That conversation is slated to happen in the final days of February — the CCC has scheduled meetings on Feb. 26, 27 and 28 at which commissioners will discuss the feedback to the draft regulations and debate what changes should be made before the regulations are finalized.
The CCC is expected to finalize its regulations during the first full week of March and must file the industry rules with the secretary of state’s office by March 15.
The CCC’s rough draft for the legal cannabis world has come under fire in recent days from many of the same people and groups that, in 2016, campaigned to prevent adult marijuana use from becoming legal in Massachusetts, including Baker, Boston Mayor Marty Walsh, state district attorneys and drug-use-prevention advocates.
On Monday, a third Baker administration agency wrote to the CCC urging the regulatory agency to simplify its proposed regulatory scheme and to focus for now on “straightforward, single-location, single-purpose retail storefront points of distribution.”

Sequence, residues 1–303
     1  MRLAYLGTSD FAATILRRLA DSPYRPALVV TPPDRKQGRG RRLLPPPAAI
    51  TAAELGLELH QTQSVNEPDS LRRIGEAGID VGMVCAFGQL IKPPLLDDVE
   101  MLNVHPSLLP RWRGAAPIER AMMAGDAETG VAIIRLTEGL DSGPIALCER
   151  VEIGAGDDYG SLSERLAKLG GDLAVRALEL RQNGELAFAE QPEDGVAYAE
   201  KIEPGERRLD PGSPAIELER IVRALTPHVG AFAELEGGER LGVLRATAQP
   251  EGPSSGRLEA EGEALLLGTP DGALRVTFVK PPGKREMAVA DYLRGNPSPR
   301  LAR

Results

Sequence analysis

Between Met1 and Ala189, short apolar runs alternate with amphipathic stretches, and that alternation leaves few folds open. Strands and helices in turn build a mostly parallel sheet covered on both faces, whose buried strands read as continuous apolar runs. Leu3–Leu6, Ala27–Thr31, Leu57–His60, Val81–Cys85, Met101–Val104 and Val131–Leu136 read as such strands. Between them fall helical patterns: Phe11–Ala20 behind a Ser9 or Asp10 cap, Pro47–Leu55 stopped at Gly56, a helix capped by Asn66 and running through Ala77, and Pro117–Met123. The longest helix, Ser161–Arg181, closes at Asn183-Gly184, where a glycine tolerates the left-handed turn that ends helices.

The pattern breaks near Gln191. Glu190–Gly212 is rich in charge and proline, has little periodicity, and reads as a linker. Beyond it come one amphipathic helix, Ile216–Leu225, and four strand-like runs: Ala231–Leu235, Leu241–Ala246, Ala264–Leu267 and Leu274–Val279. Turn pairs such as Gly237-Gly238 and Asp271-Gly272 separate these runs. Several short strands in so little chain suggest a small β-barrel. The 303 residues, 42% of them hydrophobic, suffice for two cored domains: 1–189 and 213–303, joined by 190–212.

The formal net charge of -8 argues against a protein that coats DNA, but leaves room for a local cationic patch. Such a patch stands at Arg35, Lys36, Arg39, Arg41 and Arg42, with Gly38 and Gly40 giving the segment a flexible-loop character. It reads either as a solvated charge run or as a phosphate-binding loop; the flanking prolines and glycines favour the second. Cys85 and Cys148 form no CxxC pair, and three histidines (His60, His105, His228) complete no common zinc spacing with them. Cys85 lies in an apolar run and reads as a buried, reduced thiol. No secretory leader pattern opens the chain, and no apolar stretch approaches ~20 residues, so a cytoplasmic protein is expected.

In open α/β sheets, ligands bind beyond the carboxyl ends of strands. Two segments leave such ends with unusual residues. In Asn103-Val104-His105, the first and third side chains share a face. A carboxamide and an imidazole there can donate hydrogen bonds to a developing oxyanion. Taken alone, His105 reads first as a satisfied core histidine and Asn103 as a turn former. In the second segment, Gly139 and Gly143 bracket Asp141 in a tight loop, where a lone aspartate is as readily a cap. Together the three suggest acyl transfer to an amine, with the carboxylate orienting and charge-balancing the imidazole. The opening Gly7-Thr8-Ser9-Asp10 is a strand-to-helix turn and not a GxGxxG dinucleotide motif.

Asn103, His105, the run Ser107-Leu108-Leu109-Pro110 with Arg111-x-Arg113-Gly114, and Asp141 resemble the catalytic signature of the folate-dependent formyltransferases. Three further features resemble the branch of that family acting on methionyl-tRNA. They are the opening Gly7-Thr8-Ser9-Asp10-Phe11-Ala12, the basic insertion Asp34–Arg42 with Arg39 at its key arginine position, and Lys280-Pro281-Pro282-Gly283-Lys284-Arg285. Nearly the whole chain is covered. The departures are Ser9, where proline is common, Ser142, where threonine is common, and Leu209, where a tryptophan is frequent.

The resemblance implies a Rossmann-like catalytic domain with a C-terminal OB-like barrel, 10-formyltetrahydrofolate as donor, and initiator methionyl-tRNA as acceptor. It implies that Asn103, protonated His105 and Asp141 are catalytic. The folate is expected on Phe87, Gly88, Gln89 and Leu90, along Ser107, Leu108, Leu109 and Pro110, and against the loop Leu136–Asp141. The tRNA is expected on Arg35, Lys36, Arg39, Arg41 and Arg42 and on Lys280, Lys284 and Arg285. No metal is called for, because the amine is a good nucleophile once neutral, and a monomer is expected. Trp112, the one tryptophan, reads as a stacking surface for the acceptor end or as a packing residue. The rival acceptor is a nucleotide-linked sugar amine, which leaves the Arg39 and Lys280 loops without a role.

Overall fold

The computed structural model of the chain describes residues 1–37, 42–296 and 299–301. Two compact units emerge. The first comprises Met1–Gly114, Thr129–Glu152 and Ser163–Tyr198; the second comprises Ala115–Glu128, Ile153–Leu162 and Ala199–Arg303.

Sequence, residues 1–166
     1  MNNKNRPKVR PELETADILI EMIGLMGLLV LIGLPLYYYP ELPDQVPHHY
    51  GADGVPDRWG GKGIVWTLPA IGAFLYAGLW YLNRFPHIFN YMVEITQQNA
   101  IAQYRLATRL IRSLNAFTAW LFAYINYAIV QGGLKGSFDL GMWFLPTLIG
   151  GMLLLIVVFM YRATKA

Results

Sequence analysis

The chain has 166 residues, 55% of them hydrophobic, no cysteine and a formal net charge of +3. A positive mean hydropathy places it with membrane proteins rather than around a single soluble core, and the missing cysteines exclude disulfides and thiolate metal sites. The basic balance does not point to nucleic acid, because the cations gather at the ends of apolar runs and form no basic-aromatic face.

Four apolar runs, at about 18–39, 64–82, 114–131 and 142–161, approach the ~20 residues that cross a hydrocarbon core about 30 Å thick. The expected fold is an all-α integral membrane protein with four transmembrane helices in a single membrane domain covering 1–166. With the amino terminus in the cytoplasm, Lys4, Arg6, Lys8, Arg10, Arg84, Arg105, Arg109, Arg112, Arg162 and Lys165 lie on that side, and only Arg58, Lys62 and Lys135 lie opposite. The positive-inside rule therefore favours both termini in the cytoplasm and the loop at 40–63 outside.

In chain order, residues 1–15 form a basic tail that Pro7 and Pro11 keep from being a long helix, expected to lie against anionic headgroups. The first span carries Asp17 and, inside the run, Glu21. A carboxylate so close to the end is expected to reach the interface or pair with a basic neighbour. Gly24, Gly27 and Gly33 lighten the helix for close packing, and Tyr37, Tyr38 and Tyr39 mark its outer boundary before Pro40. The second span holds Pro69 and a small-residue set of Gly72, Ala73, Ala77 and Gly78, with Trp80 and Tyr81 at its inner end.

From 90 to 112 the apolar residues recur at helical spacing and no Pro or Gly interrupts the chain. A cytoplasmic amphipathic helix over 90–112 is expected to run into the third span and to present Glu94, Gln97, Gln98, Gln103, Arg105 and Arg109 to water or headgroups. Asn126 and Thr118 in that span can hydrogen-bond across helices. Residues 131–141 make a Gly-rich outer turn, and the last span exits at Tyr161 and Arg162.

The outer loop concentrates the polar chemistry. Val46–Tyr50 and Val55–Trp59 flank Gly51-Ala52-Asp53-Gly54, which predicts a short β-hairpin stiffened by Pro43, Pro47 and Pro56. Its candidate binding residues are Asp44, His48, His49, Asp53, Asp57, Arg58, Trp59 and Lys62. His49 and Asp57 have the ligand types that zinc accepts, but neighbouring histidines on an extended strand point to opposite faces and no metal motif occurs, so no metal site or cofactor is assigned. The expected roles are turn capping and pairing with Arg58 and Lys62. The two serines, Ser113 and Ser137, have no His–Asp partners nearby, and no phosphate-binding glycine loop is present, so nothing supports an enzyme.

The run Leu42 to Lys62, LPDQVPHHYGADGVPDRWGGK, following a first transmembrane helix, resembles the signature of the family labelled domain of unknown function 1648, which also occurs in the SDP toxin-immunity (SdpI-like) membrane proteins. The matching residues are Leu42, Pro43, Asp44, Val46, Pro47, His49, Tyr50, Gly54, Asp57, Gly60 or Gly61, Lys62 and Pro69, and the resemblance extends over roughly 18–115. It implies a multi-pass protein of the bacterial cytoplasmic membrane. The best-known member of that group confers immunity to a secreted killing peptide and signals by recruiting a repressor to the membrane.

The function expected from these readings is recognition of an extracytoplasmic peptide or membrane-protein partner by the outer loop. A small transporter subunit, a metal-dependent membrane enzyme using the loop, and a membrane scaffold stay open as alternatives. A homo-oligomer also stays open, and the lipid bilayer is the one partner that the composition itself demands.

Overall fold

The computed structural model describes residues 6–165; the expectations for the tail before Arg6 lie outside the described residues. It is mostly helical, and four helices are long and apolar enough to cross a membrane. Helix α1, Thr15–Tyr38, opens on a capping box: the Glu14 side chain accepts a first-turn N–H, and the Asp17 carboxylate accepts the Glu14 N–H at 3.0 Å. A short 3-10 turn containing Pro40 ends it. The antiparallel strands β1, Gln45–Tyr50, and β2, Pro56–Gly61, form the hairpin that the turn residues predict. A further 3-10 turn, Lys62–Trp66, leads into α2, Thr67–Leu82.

“We are concerned that the commission’s proposed regulations take an aggressive approach that goes beyond what is required,” Daniel Bennett, secretary of the Executive Office of Public Safety and Security, wrote in a letter to the CCC. “We believe that the difficulties of safely administering the adult-use market in the near term will be multiplied by the proposed licensing of social consumption establishments, mixed-use social consumption establishments, and home delivery retail services.”
Bennett singled out as particularly concerning the CCC’s proposed regulations for social consumption establishments that could sell individual servings of marijuana to be consumed on-site in largely the same manner that bars serve alcohol.
“The introduction of social consumption establishments will inevitably result in an increase of the incidence of persons operating motor vehicles while under the influence of marijuana,” he wrote. “We do not believe that there are adequate safeguards in the regulations or available to law enforcement generally to address the increased danger of impaired operation that social consumption establishments raise.”